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Kidney Week

Abstract: TH-OR31

Risk Factors for AKI During Autologous Stem Cell Transplantation in AL Amyloidosis

Session Information

Category: Onco-Nephrology

  • 1500 Onco-Nephrology

Authors

  • Nader, Ralph, Boston University School of Medicine, Boston, Massachusetts, United States
  • Pavlovich, Stephanie S., Boston University School of Medicine, Boston, Massachusetts, United States
  • Angel-Korman, Avital, Boston University School of Medicine, Boston, Massachusetts, United States
  • Pogrebinsky, Alexander, Boston University School of Public Health, Boston, Massachusetts, United States
  • Doros, Gheorghe, Boston University School of Public Health, Boston, Massachusetts, United States
  • Menn-Josephy, Hanni, Boston University School of Medicine, Boston, Massachusetts, United States
  • Stern, Lauren D., Boston University School of Medicine, Boston, Massachusetts, United States
  • Sarosiek, Shayna, Boston University School of Medicine, Boston, Massachusetts, United States
  • Brauneis, Dina, Boston Medical Center, Boston, Massachusetts, United States
  • Sanchorawala, Vaishali, Boston University School of Medicine, Boston, Massachusetts, United States
  • Havasi, Andrea, Boston University School of Medicine, Boston, Massachusetts, United States
Background

Acute kidney injury (AKI) is a common complication after high dose melphalan and autologous stem cell transplantation (HDM/SCT) in AL amyloidosis patients. However, its incidence, outcome and risk factors are not well known.

Methods

This observational study included 173 AL amyloidosis patients who underwent HDM/SCT in the Amyloidosis Center at Boston University School of Medicine. Demographic, laboratory and clinical data were prospectively collected and analyzed retrospectively. AKI was defined as an increase in serum creatinine to ≥ 1.5 times the baseline value and occurring within the first 30 days after HDM/SCT.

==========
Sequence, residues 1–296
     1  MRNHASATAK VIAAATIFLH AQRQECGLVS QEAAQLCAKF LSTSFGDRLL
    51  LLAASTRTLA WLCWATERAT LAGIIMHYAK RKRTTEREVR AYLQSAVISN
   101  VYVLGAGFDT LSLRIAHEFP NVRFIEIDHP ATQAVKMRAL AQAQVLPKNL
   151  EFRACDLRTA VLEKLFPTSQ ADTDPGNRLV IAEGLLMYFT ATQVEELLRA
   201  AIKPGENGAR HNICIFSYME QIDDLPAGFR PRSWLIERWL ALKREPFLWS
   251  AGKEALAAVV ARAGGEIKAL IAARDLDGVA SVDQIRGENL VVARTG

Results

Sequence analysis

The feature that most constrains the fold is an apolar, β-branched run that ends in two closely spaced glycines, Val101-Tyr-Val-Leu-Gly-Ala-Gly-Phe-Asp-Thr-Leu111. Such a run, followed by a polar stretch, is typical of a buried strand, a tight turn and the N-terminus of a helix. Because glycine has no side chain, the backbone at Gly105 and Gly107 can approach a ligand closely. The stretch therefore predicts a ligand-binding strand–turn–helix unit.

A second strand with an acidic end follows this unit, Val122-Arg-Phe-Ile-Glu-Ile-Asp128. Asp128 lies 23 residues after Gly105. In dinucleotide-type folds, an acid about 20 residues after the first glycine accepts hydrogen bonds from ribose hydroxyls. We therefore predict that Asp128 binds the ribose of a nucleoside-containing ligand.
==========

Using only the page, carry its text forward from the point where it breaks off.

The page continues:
Results

The median age was 57 years (range 32-77). Fifty-nine percent of patients were male. Renal and cardiac involvement were present in 65.3% and 19.7% of patients, respectively. Median eGFR was 83 mL/min/1.73m2 (range 9-213) and median proteinuria was 2,503 mg/24h (range 0-19,996). The median time from diagnosis to SCT was 4 months (range 1-100). AKI occurred in 28.3% of patients. The causes of AKI were: ATN (27.9%), pre-renal injury (26.4%), melphalan-induced AKI (12.0%), cardiorenal physiology (5.8%), AIN (2.9%), contrast-induced AKI (1.5%), obstructive nephropathy (1.5%), and no clear etiology (22.0%). AKI was associated with increased overall mortality with a hazard ratio of 4.78 (95% CI, 1.9-11.9, p<0.001). The 10-year overall survival was 87.5% for patients who did not have AKI versus 56.2% who had AKI. Baseline characteristics significantly associated with AKI development were: amyloid renal involvement, renal function, proteinuria, hypoalbuminemia, IVSD, atrial fibrillation, use of midodrine or diuretics. Sepsis in the post-transplant period, IV vancomycin use, and C. difficile infection were significantly associated with AKI. In terms of hematologic factors, anemia severity, and the need for red blood cell transfusion were significantly associated with AKI. Prolonged thrombocytopenia was associated with AKI; however, delayed WBC engraftment was not associated with AKI.

Conclusion

AKI occurs frequently after HDM/SCT in AL amyloidosis patients and is associated with several risk factors and an increased overall mortality. Prophylactic measures addressing some of these risk factors may reduce this risk.